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Stress on the Colorado River forces states to take action

Video series showcases importance of the Colorado River and the challenges ahead.

Editor's note: The Colorado River Compact was signed 100 years ago on Nov. 24, 1922, divvying up the water in the Colorado River among seven states. As an ongoing mega-drought has reduced the amount of water in the river, discussions are underway on what to do next.

Denver Water and other utilities across the Colorado River Basin recently pledged to help their customers reduce water use.

The Colorado River is the most important source of water across the American Southwest.

The river, which supplies water to 40 million people from Wyoming to Mexico, begins its journey in Colorado’s Rocky Mountain National Park.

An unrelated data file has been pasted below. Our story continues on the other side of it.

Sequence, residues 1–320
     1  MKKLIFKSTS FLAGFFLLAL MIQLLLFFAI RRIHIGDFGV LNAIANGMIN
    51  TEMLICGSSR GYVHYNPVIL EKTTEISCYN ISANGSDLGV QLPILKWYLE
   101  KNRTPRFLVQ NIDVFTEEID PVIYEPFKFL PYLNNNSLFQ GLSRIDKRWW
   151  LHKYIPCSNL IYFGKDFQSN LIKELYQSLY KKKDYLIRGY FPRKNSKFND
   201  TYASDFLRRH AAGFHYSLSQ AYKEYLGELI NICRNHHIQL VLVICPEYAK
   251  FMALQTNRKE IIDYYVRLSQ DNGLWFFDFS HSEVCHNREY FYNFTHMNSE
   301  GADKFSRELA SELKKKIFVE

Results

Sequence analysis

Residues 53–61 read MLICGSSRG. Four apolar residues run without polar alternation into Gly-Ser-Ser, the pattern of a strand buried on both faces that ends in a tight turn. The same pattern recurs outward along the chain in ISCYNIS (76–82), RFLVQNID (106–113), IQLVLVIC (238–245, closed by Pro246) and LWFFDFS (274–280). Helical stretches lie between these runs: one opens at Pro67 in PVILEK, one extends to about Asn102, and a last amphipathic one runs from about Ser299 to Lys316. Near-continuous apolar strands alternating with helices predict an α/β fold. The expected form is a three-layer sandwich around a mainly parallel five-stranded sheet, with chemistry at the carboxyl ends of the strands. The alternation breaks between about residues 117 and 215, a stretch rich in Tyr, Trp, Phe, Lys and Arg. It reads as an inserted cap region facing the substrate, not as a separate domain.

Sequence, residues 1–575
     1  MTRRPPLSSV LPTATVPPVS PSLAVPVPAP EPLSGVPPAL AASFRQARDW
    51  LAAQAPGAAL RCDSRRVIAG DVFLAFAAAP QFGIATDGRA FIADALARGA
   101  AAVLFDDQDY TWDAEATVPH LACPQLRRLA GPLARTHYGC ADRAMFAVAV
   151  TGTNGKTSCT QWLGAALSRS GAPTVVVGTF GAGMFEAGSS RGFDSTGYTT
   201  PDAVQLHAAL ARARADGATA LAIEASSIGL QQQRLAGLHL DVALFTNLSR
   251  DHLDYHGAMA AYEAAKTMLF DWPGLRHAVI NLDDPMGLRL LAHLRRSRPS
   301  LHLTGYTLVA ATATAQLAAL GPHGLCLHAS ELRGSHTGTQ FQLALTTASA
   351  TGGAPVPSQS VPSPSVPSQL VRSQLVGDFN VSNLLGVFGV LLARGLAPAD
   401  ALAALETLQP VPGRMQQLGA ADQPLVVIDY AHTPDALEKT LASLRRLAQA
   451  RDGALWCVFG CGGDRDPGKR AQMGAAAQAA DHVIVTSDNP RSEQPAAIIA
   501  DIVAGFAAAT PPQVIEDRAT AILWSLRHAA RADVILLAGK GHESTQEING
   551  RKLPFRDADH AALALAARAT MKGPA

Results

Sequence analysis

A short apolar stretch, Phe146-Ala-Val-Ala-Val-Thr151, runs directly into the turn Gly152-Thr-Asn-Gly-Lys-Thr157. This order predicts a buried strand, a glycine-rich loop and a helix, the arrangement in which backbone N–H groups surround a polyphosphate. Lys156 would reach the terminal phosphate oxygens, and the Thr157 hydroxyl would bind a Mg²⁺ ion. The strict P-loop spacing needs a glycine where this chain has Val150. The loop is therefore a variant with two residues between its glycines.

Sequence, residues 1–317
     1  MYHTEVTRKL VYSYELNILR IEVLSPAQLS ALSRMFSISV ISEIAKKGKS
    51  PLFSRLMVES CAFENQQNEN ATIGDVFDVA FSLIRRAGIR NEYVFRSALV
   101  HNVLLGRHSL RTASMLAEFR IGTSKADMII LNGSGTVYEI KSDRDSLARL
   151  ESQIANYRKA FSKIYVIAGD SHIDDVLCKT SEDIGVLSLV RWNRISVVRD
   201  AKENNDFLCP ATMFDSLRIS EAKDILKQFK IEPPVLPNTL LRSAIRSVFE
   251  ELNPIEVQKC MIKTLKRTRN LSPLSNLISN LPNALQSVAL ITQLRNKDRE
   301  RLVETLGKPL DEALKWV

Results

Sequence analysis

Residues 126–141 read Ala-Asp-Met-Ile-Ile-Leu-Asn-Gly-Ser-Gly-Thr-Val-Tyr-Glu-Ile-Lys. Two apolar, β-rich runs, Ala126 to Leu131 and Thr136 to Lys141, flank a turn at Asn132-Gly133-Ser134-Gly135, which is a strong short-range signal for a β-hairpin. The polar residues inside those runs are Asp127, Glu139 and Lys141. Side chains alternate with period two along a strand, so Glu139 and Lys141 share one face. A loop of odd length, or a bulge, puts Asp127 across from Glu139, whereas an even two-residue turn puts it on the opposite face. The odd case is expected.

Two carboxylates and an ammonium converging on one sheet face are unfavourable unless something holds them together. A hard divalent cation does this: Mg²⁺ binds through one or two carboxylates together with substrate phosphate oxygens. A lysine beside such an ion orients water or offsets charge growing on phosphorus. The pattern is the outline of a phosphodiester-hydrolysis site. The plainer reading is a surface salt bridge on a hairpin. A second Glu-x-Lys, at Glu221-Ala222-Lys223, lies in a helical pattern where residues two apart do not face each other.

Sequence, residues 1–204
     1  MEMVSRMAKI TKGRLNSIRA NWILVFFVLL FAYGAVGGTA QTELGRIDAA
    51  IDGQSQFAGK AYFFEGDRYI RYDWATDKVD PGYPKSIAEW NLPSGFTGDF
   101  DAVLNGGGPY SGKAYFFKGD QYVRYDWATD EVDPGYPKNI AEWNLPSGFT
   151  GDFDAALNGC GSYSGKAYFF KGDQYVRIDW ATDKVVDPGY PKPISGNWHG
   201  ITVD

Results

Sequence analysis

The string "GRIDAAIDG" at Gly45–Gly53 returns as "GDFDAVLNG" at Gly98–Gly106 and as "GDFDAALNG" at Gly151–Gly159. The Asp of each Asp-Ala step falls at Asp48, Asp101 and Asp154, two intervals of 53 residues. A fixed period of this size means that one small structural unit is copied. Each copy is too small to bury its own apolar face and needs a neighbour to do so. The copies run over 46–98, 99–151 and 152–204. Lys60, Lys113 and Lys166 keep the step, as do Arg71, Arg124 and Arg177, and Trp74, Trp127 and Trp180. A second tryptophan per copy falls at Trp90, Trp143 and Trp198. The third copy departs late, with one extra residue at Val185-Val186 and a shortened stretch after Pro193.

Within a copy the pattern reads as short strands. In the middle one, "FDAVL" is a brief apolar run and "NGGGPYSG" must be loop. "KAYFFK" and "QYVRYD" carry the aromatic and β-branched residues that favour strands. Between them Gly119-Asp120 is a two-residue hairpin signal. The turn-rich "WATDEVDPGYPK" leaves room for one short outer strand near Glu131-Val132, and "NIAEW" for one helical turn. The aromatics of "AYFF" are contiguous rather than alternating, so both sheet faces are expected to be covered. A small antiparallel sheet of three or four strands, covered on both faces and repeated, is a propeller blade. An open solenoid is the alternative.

The river is critical for the environment and used for farming, hydropower and recreation along its 1,450-mile length. But drought conditions in the Colorado River Basin since 2000 have prompted action by the seven states that rely on the river to ensure a reliable water supply.

Denver Water gets half of its water supply from tributaries that flow into the Colorado River, so the river is a critical part of our ability to serve 1.5 million people.

This video series provides a brief glimpse at the river and recent steps aimed at protecting this important resource.